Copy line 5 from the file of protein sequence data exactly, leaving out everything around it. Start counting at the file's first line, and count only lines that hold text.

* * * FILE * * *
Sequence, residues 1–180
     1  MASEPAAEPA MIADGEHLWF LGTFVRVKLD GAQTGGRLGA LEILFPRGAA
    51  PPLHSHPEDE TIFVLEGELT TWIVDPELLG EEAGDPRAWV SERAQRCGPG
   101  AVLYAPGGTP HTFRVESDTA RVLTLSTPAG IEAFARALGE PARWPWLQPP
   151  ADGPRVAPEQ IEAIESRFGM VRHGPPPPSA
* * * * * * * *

   151  ADGPRVAPEQ IEAIESRFGM VRHGPPPPSA